Senegal reiterated, before members of the United Nations (UN) Committee of 24 (C-24) in Bali, its support for the Moroccan Autonomy Plan as “the appropriate framework” for resolving the regional dispute over the Moroccan Sahara.
Intervening at the Committee of 24 (C-24) Pacific Regional Seminar, held in Indonesia between May 24 and 26, the Senegalese representative stressed that the Autonomy Plan presented by Morocco in 2007 is in line with international law, the United Nations (UN) Charter, and the resolutions of the General Assembly (GA) and the Security Council (SC), which describe Morocco’s proposal as serious and credible.
In this context, the Senegalese diplomat praised the efforts of the United Nations (UN) Secretary-General’s Personal Envoy for the Sahara, Staffan de Mistura, to relaunch the political process, with visits to the parties concerned in January, July, and September 2022, and informal bilateral consultations held with these parties in New York.
Senegal’s representative also reiterated his country’s support for a final, just, lasting, and mutually acceptable political solution through a process conducted under the exclusive auspices of the United Nations (UN), based on successive Security Council (SC) resolutions since 2007, urging all parties to continue the constructive dynamic instilled by the two Geneva roundtables to ensure the successful outcome of the political process initiated by the United Nations (UN).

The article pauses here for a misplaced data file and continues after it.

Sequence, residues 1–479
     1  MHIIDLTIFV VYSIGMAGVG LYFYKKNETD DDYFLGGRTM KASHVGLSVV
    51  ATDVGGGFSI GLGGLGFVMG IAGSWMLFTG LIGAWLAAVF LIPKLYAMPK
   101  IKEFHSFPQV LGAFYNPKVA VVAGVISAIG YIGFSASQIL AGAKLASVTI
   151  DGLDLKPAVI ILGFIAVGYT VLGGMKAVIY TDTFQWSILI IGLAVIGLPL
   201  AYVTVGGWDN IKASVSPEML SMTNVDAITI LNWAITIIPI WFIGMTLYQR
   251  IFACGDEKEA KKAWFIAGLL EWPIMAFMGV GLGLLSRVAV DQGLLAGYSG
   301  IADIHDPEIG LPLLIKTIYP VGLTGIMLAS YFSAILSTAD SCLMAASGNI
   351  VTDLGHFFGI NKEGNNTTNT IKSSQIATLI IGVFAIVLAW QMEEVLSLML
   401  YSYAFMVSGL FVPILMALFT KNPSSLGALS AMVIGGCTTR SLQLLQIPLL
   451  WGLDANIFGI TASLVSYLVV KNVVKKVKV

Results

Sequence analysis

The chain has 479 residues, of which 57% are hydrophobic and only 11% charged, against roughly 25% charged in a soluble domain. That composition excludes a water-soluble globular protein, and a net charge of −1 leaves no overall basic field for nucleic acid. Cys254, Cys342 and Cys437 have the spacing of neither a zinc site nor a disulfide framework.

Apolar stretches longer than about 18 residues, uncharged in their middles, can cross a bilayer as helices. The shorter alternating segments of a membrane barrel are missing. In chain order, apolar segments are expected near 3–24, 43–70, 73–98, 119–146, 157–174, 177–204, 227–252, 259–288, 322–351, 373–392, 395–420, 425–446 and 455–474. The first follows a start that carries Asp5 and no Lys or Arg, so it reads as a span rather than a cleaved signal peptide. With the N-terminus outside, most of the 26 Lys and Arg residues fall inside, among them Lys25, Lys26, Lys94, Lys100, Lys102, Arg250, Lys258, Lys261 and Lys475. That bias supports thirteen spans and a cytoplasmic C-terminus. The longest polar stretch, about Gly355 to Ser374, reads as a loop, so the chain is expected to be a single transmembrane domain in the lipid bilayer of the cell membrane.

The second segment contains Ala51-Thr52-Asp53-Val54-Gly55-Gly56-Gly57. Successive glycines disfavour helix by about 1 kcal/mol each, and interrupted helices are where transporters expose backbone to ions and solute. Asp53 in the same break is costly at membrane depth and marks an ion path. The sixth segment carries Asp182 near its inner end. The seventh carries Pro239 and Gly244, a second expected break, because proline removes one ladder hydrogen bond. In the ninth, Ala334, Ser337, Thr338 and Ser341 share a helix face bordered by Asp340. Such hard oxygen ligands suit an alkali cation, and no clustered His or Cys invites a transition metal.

The Senegalese diplomat praised Morocco’s “significant” progress in its Sahara, notably in promoting human rights and democracy, and the “considerable” efforts invested in promoting the region’s economic and social development and the empowerment of the region’s citizens.
“These efforts have convinced us of Morocco’s determination to resolve this dispute once and for all,” said the Senegalese representative, noting that in support of this policy, Senegal inaugurated its consulate general in Dakhla on April 5, 2021.
The Senegalese diplomat also underlined that 28 governments from African, Arab, Latin American, and Asian countries have already opened consulates in the Moroccan Sahara to strengthen the economic and social opportunities in the region.
Senegal’s representative also welcomed the participation of representatives from the Moroccan Sahara elected during the Moroccan elections of September 2021 in meetings and discussions such as the Geneva roundtables, the C-24 sessions, and its regional seminars, adding that such initiatives reinforce Senegal’s optimism about a successful outcome to this regional conflict.
The Senegalese diplomat also stressed the importance of respecting the 1991 ceasefire for the stability of the region, praising Morocco’s constant cooperation with the United Nations Mission for the Referendum in Western Sahara (MINURSO) and the Kingdom’s respect for the ceasefire.